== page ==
Fit for purpose
Post Offices. It is easy to conclude that they’re not what they were. A few decades ago in my local big town, the main post office was housed in a grandiose and spacious former hotel building in the town’s most elegant street. From there it moved to a cramped but serviceable High Street location with shelves for stationery and similar goods at the front, and Post Office counters at the back. From there it has migrated to part of the upper floor in the town’s branch of W H Smith. It’s all rather sad, and reflects the Post Office’s loss of its former grip on our lives.
Back in the 1930s and 1940s, on the other hand, the Post Office was very much at the centre of things, and if an important new Post Office was built, it was likely to be a building of some consequence, probably solid-looking and traditional in appearance, like this example in Shaftesbury. With its stone walls, big gables, mullioned windows, and Tudor-style doorway, it wouldn’t look out of place in a Cotswold town, and it fits in well here too, turning the street corner with some style. It all adds up to the kind of Tudor revival style that, along with neo-Georgian, was popular for Post Offices in the interwar years. This one was built, so a plaque on the wall tells us, in 1946, so it’s very much harking back to the time before World War II. This was still a time when a lot of thought went into the design and functioning of Post Offices. Julian Stray, in his useful Shire book, Post Offices, quotes Lord Gerald Wellesley writing in the Architectural Review, around this period, telling his readers what a Post Office should be like:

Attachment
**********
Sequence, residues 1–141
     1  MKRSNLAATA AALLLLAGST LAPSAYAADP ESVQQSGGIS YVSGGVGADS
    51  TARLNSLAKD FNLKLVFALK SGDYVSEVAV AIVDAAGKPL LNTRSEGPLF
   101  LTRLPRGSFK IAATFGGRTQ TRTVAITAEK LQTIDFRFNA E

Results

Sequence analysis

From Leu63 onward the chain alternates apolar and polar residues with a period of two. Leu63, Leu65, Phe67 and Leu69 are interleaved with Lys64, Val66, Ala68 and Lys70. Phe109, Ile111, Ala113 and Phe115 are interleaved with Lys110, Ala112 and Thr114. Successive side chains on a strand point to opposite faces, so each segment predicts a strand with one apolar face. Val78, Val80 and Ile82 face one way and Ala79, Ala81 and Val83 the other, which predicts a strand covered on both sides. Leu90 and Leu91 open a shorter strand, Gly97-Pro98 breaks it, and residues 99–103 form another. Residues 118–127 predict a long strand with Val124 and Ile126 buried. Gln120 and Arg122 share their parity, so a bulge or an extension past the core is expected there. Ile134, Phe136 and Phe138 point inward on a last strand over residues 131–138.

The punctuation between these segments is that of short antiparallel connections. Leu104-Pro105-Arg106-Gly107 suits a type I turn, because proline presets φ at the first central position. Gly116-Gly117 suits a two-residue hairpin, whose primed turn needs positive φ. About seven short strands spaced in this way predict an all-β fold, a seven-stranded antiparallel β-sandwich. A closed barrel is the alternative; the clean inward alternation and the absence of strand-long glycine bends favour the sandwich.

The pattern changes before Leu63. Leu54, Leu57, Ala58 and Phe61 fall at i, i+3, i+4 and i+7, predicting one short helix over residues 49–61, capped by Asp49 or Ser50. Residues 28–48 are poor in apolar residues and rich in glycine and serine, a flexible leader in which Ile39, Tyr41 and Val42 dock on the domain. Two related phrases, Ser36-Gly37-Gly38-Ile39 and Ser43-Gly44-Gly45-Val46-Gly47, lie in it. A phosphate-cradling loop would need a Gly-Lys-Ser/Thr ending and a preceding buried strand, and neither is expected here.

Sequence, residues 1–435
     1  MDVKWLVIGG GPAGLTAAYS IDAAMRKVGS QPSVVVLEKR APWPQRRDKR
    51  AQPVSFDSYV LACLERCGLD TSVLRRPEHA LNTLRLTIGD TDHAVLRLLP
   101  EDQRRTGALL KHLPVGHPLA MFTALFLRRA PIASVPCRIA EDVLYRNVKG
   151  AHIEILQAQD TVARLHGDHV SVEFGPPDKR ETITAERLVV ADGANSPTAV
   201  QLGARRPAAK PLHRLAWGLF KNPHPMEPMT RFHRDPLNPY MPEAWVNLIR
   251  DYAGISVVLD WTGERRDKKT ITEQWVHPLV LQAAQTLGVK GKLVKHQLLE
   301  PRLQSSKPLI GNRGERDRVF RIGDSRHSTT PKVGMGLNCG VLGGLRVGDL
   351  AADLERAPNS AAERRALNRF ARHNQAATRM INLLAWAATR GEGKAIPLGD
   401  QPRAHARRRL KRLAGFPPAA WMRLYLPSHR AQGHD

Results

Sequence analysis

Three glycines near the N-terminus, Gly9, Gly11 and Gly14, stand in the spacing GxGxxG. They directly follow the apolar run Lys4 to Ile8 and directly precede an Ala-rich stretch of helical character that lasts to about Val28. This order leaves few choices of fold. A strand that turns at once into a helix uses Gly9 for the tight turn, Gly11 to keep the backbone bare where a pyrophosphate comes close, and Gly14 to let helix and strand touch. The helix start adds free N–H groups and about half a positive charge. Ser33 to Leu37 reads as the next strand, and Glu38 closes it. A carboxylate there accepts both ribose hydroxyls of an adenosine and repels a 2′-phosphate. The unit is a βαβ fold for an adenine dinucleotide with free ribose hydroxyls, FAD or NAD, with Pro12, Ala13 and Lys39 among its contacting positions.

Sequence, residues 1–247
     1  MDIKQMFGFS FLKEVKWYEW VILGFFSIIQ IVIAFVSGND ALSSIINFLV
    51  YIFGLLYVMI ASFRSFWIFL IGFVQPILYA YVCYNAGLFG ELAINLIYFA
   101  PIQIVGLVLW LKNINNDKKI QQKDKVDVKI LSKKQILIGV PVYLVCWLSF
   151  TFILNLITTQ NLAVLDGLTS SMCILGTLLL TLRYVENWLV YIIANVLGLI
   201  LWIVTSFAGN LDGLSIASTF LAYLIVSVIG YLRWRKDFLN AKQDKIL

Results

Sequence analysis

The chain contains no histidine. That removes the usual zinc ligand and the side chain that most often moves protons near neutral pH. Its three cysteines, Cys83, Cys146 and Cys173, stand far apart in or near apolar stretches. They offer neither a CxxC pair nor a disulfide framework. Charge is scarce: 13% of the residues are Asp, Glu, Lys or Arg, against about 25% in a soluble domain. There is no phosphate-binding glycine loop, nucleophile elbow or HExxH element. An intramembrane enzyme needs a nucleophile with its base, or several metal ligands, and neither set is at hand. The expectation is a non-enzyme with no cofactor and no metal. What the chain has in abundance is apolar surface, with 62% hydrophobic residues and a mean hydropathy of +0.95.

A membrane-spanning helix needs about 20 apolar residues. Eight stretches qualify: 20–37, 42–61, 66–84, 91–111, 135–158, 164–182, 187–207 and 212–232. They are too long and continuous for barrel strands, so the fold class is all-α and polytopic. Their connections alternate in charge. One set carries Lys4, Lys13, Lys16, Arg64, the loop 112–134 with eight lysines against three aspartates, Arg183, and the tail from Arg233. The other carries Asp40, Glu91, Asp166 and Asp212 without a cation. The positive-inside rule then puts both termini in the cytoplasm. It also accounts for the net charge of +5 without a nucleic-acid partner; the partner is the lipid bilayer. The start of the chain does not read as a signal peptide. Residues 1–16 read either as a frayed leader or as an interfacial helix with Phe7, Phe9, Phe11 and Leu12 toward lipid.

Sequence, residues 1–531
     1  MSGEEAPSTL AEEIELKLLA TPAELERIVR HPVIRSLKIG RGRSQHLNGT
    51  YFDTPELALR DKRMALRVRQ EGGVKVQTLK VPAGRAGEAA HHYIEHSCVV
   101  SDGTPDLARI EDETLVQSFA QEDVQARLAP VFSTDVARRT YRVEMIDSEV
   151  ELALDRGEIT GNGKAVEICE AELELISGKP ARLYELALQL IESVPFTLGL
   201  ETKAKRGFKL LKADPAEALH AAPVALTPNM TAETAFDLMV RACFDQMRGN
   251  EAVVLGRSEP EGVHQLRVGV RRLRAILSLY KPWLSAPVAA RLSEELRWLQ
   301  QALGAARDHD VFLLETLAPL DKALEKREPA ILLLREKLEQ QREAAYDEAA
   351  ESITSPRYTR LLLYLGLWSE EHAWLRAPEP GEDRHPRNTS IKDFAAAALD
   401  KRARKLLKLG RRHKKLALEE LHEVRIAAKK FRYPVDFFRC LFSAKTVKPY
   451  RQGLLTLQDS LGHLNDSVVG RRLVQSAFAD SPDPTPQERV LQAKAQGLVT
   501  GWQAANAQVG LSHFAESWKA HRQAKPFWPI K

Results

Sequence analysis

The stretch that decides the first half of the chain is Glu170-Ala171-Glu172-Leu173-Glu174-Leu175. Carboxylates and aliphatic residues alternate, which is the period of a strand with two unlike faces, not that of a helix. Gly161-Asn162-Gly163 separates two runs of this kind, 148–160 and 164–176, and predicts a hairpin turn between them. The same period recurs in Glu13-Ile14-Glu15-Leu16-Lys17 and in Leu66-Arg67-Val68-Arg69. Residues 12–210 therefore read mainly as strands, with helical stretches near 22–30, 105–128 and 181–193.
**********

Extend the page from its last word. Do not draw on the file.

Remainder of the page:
A Post Office must be in a prominent position. It should look dignified and permanent, and should, as far as possible, harmonize with its surroundings…the public office, which should, of course, be of a size adequate to the number frequenting it, should, in the larger instances, have doors giving on to the streets at both ends…must be very well lit, and this may mean windows on the ground floor which ideally speaking, are disproportionately large compared with those in the upstairs offices. A clock and prominently displayed letter-box are also features of a Post Office front.
The Shaftesbury office ticks nearly all of Wellesley’s boxes. It is on the site of the Angel Inn, which was the home of the town’s first postmaster in the 1660s. Early post offices were often in inns, which could easily accommodate horses and carts delivering mail. Today this Post Office today is kitted out with a red oval sign and one of those brown metal built-in post boxes, helpfully labelled “POSTING BOX” in elegant capital letters. High on the wall, more capitals tell us that this was both a Post Office and Savings Bank. Ah, of course. Banks. It is easy to conclude that they’re not what they were…